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Nokia, Motorola Search for Spark

The wireless industry is under pressure, and these companies' results are likely to show it.

Wall Street's hoping to pick up a strong signal this week from the wireless sector, but problems overseas are likely to weaken the reception.

Starting tomorrow, the big three wireless gearmakers --



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-- are due to post second-quarter results. Though observers are hoping for signs of progress at all three, static could come from the waning sales outlooks in Europe and Asia.

Of course, no one is expecting great things from any of these giants, what with growth in their once-hot industry having slowed to a trickle. Indeed, both Nokia and Motorola lowered their second-quarter projections last month. Motorola

warned that Asian sales were suffering largely due to SARS, and Nokia cautioned that handset sales weren't likely to be as solid as it first thought. The pride of Finland

cut its 2003 growth projection in half.

But it was


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that most memorably splashed cold water on the big wireless players. During its earnings call Thursday, the networking gearmaker blamed its third-quarter caution on new reports of weak sales in Europe among its big partners Ericsson and


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. This strongly suggests that the already sluggish spending on 3G network upgrades is slumping further. If investors get another whiff of that notion this week, expect these downtrodden stocks to take on more water.

One More Fix

Motorola leads off Tuesday. Some optimists say the Schaumburg, Ill., wireless tech giant may have put some of its

worst stumbling in the rearview mirror. Bulls say one of these quarters Motorola will have nowhere but up to go with its network infrastructure, chip and handset businesses.

In fact, one analyst -- J.P. Morgan Chase's Ehud Gelblum, who started coverage of the company last week -- says Motorola has at last come to a corner. Now all it needs to do is turn it.

Among the things that may help, says Gelblum, is the array of 30 new handsets Motorola plans to introduce by year's end. Gelblum rates the world's No. 2 handset maker a neutral but says he's leaning toward the optimistic side, especially if the company can gain some market-share momentum.

That said, Motorola faces several stiff challenges, including the rapidly growing strength of Asian handset rivals






. These companies and Nokia have jumped well ahead of Motorola with camera and color-screen phones.

But even more important for investors is how well Motorola is navigating its own deep financial morass. After two years of sobering restructuring efforts, Motorola is once again fighting its red-ink demons. And while the company has been able to chip away about $800 million in debt this year, it still has an industry-leading $8.4 billion in obligations. With credit bills staked that high, analysts like Gelblum say it will be 2006 before Motorola has more cash than debt.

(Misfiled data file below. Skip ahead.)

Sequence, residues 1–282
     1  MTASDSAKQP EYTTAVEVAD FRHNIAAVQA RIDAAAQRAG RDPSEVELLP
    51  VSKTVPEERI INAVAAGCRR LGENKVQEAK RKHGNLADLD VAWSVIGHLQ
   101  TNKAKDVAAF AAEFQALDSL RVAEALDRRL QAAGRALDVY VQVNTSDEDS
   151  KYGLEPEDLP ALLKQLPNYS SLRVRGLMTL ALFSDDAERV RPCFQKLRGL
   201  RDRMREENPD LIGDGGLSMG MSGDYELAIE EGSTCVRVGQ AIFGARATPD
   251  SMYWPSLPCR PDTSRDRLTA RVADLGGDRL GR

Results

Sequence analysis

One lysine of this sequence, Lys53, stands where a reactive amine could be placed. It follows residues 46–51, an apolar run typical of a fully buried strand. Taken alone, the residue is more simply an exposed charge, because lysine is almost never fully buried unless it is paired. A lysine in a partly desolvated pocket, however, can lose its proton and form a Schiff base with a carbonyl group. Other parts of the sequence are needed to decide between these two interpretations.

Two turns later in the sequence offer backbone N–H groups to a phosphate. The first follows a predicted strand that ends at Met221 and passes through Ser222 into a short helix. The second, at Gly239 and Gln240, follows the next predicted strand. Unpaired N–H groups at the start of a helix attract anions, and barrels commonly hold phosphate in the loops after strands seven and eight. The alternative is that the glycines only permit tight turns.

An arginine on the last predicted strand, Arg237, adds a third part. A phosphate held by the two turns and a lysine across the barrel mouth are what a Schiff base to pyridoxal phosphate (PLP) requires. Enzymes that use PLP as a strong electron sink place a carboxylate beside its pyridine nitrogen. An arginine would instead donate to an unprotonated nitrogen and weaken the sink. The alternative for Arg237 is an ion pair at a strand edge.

Analysts expect the company to eek out break-even earnings on $6 billion in sales. Some investors are bracing for a downward adjustment in full-year revenue expectations, since the current pace would call for as much as 15% revenue growth in the fourth quarter -- an unlikely event in this stagnant market. Motorola rose 4 cents Friday to $9.51.

Surge to the Finnish Line

Nokia, meanwhile, is scheduled to post its earnings Thursday. Analysts polled by Multex expect the company to post a 17-cent profit on $8 billion in revenue, which is a 3-cent sequential dip despite a slight top-line improvement.

Investors will be carefully tuned into Nokia's comments on margins and average per-phone selling prices. Any indication that either of those two metrics are holding flat will likely be seen as very good news. Phone prices typically fall steadily, but if Nokia reports that prices are flat it suggests consumers are buying some of the handset king's more expensive new phones. Nokia dropped 9 cents to close the week at $17.77.

And then there's Ericsson, which is supposed to report Friday. Analysts are looking for the Swedish gearmaker to post a loss of 19 cents on $3.2 billion in sales. Some investors say the company could even miss its lowered target and bring down its second-half projections due to the continued weakness of its wireless-infrastructure sales. The stock was up 20 cents Friday at $10.89.

One positive to look for with Ericsson is the gross margin department. One investor with no position in the stock says if Ericsson manages to bump its margins up a few points to 34%, the bulls will likely see it as a sign that the company has effectively lowered costs. This could add fuel to the common tech investment thesis that the companies with the lowest costs will fly the highest on those as yet elusive revenue upswings.

But, adds the hedge fund manager, "you can't cut your way to glory."